Americans may be surprised to learn that they could be paying more for their medications with their insurance copay instead of the cash price available to those without insurance. A study published last week found that Pharmacy Benefit Managers (PBMs) undermine claims that negotiated “rebates” with pharmaceutical companies are passed on to consumers. This follows a federal lawsuit filed over the summer after a California woman paid a $164 copay on a medication that can be purchased for $92 from the same pharmacy by anyone not using insurance. This practice is known as “clawback” and is instituted by PBMs who then receive the excess payments from the pharmacy.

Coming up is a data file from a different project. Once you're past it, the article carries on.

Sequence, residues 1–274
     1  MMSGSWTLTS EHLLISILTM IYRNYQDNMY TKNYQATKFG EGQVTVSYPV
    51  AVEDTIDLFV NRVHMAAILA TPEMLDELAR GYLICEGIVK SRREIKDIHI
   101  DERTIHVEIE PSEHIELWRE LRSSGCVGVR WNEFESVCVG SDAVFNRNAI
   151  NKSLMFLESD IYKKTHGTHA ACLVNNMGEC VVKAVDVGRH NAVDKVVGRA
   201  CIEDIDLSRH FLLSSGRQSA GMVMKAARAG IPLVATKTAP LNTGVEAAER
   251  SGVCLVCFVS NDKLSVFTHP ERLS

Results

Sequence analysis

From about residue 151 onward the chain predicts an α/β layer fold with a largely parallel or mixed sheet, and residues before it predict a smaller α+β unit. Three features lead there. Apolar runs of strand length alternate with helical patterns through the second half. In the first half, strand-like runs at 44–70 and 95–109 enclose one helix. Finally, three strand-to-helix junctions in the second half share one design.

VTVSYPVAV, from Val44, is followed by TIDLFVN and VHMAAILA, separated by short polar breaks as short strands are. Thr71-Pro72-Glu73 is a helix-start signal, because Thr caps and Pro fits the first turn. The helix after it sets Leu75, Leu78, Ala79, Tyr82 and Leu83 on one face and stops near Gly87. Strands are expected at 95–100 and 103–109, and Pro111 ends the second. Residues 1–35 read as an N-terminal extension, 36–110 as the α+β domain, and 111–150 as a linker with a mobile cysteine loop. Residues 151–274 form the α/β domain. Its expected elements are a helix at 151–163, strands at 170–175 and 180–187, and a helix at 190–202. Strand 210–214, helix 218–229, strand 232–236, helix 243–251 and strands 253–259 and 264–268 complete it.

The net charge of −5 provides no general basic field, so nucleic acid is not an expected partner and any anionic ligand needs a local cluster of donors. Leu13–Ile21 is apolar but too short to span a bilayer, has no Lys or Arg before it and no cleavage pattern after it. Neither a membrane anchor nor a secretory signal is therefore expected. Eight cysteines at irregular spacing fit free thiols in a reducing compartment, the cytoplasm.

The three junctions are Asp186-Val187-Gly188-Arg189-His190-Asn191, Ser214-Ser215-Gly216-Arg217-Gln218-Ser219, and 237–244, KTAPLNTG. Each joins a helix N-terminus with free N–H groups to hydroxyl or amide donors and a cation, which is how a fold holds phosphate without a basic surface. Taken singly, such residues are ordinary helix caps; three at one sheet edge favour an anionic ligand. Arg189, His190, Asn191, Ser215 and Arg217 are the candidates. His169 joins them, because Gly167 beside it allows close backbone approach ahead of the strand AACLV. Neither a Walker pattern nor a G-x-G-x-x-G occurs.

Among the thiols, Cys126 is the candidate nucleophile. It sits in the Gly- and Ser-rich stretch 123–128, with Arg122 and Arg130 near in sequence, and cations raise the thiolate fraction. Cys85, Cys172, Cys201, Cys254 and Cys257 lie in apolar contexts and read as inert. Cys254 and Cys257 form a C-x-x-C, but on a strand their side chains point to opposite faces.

Pharmacy Benefit Managers are being found to frequently charge a copay that exceeds a medication’s cash price for generic drugs. Moreover, pharmacists around the country are not allowed to disclose the price discrepancy to patients due to “gag clauses” in their contracts that forbid them